Irrigation and Drainage Systems

, Volume 1, Issue 1, pp 31–44

Operation and maintenance in Asian irrigation: Reappraising government and farmer responsibilities and rights

Authors

  • E. Walter CowardJr
    • Cornell Irrigation Studies GroupCornell University
  • Norman Uphoff
    • Cornell Irrigation Studies GroupCornell University
Article

DOI: 10.1007/BF01422977

Cite this article as:
Coward, E.W. & Uphoff, N. Irrig Drainage Syst (1986) 1: 31. doi:10.1007/BF01422977

Abstract

A major policy concern in irrigation development is reducing government costs of both construction and operation and maintenance. There is increasing interest in shifting some of these costs to the farmers using the irrigation facilities. This paper discusses the opportunities for reducing certain direct costs to government by collaborative arrangements with water users so that the latter mobilize more of their own resources to implement specified O&M activities. Five propositions are discussed which suggest the prerequisites for successful collaboration: (1) reexamining the processes of design and construction now being used, (2) reorienting the policies and procedures of the irrigation agency, (3) increasing farmer involvement in operations, (4) increasing local organizational capacity, and (5) creating new financial procedures.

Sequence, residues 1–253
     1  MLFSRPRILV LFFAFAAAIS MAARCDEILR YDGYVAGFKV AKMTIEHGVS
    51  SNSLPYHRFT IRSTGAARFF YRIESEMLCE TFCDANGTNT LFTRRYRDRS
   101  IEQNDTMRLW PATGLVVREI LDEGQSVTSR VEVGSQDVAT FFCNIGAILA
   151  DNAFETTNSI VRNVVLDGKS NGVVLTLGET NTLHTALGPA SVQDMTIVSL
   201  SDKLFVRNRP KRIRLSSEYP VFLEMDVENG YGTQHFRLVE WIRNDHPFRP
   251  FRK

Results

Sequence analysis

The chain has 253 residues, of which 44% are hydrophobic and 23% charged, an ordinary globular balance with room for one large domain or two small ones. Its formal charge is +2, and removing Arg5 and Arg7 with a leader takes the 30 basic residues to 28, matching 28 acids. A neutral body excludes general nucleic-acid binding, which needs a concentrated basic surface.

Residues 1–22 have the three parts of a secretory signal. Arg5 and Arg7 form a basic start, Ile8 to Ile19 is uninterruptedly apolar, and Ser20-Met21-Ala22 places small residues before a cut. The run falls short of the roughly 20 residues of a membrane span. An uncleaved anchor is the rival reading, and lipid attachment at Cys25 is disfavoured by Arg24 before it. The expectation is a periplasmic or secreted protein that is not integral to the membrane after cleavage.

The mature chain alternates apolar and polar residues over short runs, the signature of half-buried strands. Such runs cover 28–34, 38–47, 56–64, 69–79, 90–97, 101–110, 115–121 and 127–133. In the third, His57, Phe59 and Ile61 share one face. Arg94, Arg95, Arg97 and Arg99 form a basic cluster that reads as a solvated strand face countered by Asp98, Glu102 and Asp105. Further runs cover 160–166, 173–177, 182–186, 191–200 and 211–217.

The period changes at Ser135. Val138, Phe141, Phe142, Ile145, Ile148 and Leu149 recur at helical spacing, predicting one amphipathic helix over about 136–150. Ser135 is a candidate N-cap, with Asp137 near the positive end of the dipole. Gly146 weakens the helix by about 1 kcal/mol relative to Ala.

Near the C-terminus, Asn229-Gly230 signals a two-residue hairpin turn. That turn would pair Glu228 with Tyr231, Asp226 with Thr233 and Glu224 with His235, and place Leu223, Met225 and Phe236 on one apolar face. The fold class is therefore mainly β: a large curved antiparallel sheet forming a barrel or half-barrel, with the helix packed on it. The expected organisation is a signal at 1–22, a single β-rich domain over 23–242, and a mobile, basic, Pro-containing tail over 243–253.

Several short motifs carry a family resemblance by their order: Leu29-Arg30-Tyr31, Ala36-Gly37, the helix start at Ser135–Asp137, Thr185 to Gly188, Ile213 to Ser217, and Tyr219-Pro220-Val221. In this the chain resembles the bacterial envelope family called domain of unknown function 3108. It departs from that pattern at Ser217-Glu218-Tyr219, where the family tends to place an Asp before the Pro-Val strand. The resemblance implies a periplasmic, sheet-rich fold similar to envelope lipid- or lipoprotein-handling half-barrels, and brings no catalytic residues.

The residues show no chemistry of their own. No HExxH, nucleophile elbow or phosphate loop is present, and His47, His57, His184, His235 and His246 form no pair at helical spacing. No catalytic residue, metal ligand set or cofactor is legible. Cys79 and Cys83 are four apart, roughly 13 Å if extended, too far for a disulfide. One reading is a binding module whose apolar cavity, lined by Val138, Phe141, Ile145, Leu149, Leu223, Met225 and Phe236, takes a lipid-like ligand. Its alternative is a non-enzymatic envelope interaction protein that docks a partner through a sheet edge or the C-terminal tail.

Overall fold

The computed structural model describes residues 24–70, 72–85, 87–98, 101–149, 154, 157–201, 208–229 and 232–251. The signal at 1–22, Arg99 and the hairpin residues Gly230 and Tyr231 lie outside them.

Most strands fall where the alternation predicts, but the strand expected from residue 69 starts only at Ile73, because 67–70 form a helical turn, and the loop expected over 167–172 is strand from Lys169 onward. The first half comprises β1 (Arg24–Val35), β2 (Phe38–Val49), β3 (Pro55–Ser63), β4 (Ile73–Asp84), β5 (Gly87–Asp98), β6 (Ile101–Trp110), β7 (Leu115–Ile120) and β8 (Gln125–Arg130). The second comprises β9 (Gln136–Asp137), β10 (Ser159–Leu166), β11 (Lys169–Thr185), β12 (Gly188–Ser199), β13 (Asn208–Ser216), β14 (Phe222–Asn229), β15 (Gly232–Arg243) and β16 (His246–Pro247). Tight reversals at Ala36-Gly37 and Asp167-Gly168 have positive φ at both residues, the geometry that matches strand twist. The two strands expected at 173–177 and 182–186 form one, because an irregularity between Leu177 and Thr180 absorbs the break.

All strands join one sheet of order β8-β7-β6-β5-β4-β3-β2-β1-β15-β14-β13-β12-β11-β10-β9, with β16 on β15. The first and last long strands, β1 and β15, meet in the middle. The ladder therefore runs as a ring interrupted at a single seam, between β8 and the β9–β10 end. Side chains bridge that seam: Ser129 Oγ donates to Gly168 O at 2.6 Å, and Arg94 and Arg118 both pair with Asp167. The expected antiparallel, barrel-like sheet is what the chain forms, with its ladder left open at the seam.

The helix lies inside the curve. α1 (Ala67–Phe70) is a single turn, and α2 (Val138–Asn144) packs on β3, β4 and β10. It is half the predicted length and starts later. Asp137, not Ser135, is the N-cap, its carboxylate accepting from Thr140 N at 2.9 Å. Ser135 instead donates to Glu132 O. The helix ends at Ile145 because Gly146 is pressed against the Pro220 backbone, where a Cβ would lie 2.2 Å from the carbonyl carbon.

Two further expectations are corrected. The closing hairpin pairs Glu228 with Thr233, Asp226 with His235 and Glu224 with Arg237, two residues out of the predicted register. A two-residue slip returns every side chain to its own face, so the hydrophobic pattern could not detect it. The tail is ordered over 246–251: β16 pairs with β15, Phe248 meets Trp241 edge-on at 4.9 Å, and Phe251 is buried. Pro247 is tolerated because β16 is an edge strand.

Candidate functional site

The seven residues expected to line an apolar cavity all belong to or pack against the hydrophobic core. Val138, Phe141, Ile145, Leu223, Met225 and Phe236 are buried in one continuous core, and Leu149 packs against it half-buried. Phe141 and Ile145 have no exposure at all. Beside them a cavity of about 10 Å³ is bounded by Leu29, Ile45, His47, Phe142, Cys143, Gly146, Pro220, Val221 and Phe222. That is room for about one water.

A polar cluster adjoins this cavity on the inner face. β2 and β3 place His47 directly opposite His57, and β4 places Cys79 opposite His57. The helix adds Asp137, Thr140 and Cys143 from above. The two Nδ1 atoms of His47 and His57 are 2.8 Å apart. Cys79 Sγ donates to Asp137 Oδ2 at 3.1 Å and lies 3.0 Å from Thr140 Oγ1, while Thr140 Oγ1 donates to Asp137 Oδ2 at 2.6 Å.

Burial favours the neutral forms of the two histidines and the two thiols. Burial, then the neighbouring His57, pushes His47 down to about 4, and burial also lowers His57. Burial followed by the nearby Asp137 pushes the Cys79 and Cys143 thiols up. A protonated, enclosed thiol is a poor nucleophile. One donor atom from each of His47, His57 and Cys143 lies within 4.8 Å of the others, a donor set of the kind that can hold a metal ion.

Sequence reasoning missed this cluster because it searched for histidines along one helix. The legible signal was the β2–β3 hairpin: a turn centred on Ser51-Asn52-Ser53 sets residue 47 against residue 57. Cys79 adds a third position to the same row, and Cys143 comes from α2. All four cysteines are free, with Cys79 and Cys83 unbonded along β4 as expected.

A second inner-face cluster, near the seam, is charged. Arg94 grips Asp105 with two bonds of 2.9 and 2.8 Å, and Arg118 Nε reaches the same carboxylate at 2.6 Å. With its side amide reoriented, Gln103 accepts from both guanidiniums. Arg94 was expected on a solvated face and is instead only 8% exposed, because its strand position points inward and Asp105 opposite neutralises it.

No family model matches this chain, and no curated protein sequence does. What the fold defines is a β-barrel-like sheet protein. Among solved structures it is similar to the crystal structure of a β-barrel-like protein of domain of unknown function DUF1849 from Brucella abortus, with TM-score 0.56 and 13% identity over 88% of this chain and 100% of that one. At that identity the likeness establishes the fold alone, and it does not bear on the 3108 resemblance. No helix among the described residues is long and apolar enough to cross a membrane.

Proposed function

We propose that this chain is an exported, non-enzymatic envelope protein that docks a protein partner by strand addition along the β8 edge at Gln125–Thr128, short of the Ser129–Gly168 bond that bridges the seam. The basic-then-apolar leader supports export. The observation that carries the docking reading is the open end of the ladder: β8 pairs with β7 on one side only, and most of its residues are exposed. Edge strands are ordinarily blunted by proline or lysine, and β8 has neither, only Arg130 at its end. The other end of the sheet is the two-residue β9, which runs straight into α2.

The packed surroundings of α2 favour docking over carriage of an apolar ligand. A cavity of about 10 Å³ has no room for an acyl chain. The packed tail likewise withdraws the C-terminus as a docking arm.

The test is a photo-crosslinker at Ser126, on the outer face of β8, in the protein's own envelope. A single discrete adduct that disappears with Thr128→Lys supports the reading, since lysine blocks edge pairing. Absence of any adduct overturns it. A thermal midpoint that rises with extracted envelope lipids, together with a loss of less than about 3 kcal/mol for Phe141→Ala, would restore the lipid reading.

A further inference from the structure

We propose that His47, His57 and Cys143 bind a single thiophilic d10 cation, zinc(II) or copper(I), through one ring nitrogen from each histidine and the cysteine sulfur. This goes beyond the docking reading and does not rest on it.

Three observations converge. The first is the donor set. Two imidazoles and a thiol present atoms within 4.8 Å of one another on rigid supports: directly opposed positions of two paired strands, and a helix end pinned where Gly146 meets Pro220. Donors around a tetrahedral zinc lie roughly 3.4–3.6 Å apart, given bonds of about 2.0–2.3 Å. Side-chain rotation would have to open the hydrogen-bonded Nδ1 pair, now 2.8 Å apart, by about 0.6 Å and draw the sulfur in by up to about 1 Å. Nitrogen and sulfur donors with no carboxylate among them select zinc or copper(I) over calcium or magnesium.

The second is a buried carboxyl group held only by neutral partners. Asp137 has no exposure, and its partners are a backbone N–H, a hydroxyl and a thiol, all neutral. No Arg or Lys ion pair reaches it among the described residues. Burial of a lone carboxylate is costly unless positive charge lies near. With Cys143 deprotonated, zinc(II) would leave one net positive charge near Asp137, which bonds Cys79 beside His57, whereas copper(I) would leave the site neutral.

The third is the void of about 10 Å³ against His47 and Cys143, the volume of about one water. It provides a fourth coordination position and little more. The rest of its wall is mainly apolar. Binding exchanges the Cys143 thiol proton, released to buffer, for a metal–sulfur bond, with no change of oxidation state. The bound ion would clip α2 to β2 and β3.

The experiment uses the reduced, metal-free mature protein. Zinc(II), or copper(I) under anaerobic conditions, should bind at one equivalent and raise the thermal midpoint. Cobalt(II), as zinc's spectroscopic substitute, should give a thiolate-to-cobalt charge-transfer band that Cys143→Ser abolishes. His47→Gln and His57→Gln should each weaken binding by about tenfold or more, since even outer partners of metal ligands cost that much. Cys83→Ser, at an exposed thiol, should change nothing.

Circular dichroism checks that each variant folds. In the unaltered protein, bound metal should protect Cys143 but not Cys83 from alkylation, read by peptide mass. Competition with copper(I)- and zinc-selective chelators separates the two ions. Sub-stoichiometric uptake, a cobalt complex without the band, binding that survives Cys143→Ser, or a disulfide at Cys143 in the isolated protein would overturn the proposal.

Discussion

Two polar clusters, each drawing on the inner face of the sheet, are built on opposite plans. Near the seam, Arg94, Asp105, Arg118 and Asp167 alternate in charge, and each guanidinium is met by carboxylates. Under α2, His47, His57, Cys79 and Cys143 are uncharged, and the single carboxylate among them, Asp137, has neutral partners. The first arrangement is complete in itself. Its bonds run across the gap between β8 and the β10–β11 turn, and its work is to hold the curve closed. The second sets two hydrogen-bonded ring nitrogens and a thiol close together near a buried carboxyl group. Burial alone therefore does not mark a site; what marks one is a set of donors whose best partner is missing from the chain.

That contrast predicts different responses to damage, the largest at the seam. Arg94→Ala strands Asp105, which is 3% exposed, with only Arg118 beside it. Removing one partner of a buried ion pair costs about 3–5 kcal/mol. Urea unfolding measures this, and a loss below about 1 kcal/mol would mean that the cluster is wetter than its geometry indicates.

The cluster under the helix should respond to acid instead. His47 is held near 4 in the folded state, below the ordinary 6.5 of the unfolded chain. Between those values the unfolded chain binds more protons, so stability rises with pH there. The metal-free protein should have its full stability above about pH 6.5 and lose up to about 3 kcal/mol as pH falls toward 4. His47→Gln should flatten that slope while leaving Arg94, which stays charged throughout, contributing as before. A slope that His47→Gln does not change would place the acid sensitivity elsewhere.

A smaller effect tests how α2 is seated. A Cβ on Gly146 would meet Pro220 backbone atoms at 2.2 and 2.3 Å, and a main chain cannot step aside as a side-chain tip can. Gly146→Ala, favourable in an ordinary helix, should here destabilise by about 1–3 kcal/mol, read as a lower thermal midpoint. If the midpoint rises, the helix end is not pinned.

Key words

O&M activities costs and fees farmer involvement bureaucratic reorientation local organizations

Copyright information

© Martinus Nijhoff Publishers 1986